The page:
Does she want sex? Doesn’t she? If not, why not? All important questions, I’m sure you’ll agree.
But the female libido is a complicated subject, as you’re about to find out. Not to worry though, I’m going to lead you through the maze.
Just how do you get her in the mood?
Libido: female vs. male
Your libido is quite simply different from mine. Studies have shown that men under the age of sixty tend to think about sex at least once a day, whilst only 25% of women think about sex that often.
Men want more sex, more often, with more partners than women do. There are all kinds of cultural and biological reasons for this. Basically it’s your job to create as many kids as possible, and it’s mine to be pregnant for nine months and then raise a child for several years.
The simple truth is that we’re just different.
Yes, there are women that want lots of sex, just as there are men that don’t. But it’s important to understand that as a general rule, your partner’s sex drive is likely to be quite a bit different than your own, at least “on paper.”
This doesn’t mean that you’re going to be completely mis-matched though. You just need to take into account some differences. For a start, females tend to be mental rather than physical.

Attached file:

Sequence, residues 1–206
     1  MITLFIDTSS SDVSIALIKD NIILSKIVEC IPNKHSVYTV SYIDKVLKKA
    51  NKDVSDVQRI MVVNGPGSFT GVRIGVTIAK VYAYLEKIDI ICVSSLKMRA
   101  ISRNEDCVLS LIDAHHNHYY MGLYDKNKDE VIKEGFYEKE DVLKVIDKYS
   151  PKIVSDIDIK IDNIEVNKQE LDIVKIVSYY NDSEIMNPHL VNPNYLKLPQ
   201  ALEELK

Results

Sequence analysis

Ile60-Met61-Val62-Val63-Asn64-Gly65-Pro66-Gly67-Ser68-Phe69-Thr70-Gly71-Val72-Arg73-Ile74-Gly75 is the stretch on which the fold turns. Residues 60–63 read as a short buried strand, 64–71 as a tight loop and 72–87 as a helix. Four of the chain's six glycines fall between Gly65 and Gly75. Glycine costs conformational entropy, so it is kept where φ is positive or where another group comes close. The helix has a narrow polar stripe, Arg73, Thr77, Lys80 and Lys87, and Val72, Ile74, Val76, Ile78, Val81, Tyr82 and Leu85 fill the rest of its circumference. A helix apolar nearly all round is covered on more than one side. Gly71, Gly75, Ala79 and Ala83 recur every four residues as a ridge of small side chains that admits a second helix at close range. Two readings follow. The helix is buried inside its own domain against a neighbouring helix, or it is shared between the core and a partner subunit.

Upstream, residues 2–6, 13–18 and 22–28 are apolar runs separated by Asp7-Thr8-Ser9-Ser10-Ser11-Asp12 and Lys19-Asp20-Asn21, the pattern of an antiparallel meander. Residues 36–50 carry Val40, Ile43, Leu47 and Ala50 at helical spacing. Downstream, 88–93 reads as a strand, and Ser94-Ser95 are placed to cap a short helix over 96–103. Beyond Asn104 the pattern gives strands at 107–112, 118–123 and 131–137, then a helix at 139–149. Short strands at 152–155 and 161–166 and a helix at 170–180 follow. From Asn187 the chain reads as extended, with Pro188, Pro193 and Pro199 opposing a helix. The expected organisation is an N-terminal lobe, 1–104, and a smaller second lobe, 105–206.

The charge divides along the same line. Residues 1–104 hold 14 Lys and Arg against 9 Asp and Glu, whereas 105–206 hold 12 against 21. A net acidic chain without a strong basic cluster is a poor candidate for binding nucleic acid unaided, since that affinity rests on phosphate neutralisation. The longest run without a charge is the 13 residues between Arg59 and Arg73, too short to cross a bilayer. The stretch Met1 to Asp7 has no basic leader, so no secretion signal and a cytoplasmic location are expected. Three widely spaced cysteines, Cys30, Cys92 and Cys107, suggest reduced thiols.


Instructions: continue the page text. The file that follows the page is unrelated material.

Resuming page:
Libido: mental vs. physical
Think of the example of Viagra. Designing a drug to help men have sex was relatively easy. All researchers had to do was find a way to get more blood down into the penis so you could get an erection. Once that erection is achieved, you’re good to go.
Designing a drug for female libido was a lot tougher. Simply encouraging lubrication or blood flow to the genitals really isn’t enough, which is why studies show that the so-called “female Viagra” hasn’t been much of a success.
Women need more than the physical – they need the mental aspect too. They need an emotional connection (for the most part).
What does that mean in reality for you?
Well, it means that if your partner isn’t in the right mental state she’s unlikely to want to have sex. It’s that simple. I’ll discuss some factors that influence sex drive below. But for now know that a woman’s brain is as important as her body.
Getting over that mental hurdle might not be as difficult as you think though, since women tend to be responsive rather than spontaneous.
Libido: responsive vs. spontaneous
Sexologists, and some biologists, consider women’s libido to be responsive, rather than spontaneous like men’s.
What does that actually mean though?
In very basic terms, it means that once the action starts, women get into it, even though they might not have been in the mood before you started.